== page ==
This preview shows page 1. Sign up to view the full content.
Unformatted text preview: iated with SCC is estimated to be approximately
Unlike BCCs, SCCs often arise in precursor lesions, such as actinic keratoses.20 Actinic keratoses, sometimes referred to as solar
keratoses, develop in chronically sun-damaged areas of the body.
These lesions are often multiple, are generally ill-deﬁned and irregular, and may range in size from about 1 mm to a few centimeters.
They have a scaly appearance and exhibit a wide variety of colors,
from dark brown to ﬂesh-pink. Biopsy may be necessary to rule out
the presence of a SCC. Although the rate at which actinic keratosis
undergoes malignant transformation to SCC is less than 0.1% per
year,21 lesions should nevertheless be treated to reduce the chances
of progression. Treatment options include cryotherapy, curettage,
and topical therapy. Surgical excision of actinic keratoses is rarely
necessary but may be indicated if there is a high level of suspicion for
Intraepithelial SCC (carcinoma in situ), also known as Bowen
disease, is thought to be the next step in the progression from actinic keratosis to invasive SCC.The lesions are typically located on sunexposed areas of the head, neck, trunk, or legs; when they are located on the genitalia, the condition is referred to as erythroplasia of
Queyrat. Lesions that develop on non–sun-exposed areas may be associated with internal malignancy.22 Intraepithelial SCCs typically
appear as erythematous, slightly keratotic plaques and are usually
larger than the lesions of actinic keratosis. They should be excised
with a 5 mm to 1 cm margin.
As noted (see above), SCCs are most often associated with sun
exposure, though they may also be seen in patients with old scars,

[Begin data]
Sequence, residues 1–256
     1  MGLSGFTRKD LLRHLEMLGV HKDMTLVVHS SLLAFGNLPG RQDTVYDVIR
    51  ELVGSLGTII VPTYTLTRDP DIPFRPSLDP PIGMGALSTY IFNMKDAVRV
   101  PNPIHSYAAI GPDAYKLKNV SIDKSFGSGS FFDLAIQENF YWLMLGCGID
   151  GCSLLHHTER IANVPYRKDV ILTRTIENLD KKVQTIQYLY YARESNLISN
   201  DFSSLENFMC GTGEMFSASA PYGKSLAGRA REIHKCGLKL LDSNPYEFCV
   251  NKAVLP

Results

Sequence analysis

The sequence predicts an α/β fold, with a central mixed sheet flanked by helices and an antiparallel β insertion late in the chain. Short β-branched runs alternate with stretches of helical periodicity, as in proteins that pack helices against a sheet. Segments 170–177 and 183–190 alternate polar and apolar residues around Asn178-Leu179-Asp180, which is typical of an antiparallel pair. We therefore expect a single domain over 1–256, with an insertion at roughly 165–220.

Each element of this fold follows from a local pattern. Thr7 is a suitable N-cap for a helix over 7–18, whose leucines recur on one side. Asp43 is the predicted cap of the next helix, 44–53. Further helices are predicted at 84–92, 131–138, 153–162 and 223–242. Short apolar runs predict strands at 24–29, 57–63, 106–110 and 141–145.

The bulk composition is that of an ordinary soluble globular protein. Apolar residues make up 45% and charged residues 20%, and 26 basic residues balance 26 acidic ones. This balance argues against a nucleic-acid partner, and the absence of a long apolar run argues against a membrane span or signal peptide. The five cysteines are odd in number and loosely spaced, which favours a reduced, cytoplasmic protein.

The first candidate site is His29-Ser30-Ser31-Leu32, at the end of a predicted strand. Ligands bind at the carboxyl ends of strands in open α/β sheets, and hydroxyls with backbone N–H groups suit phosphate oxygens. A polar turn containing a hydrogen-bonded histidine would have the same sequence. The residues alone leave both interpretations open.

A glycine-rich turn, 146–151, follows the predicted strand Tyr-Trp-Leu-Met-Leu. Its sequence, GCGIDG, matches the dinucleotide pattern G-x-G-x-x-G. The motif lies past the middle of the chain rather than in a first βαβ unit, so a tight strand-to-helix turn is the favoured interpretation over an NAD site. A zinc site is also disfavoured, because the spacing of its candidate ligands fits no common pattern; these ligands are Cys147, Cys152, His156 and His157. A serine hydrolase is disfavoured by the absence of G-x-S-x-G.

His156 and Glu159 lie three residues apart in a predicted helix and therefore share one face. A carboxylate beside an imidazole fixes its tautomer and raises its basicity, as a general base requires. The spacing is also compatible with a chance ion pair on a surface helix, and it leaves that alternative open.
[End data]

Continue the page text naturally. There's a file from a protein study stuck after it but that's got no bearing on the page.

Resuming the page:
radiation-damaged skin [see Figure 2a], or chronic open wounds.23
Chronic inﬂammation and irritation appear to be the common denominators. SCC that arises in a burn scar or a chronic, open
wound overlying osteomyelitis is often referred to as a Marjolin ulcer. SCCs that develop from Marjolin ulcers are characterized by
aggressive regrowth after incomplete biopsy.
SCCs typically appear as reddish-brown, pink, or ﬂesh-colored
keratotic papules [see Figure 2b]; ulceration is sometimes, though not
always, present. If there is extensive hyperkeratosis, a cutaneous
“horn” may be evident.18 Symptoms that may suggest malignant
transformation of actinic keratosis into SCC include pain, erythema,
ulceration, and induration. Histologically, SCCs are characterized
by nests of atypical keratinocytes that have invaded into the dermis,
which may be either well or poorly differentiated.
Once the diagnosis of SCC is suspected, careful attention should
be paid to the draining nodal basins with the aim of detecting possible lymph node metastasis. The risk of such metastasis is between
2% and 4% overall but is somewhat higher in patients with relatively large and poorly differentiated lesions and in patients with lesions
located on the scalp, the nose, the ears, the lips, or the extremities.
View Full Document
This note was uploaded on 03/21/2011 for the course ONC 01 taught by Professor Dzodic during the Spring '11 term at Multimedia University, Cyberjaya.
- Spring '11
- The Land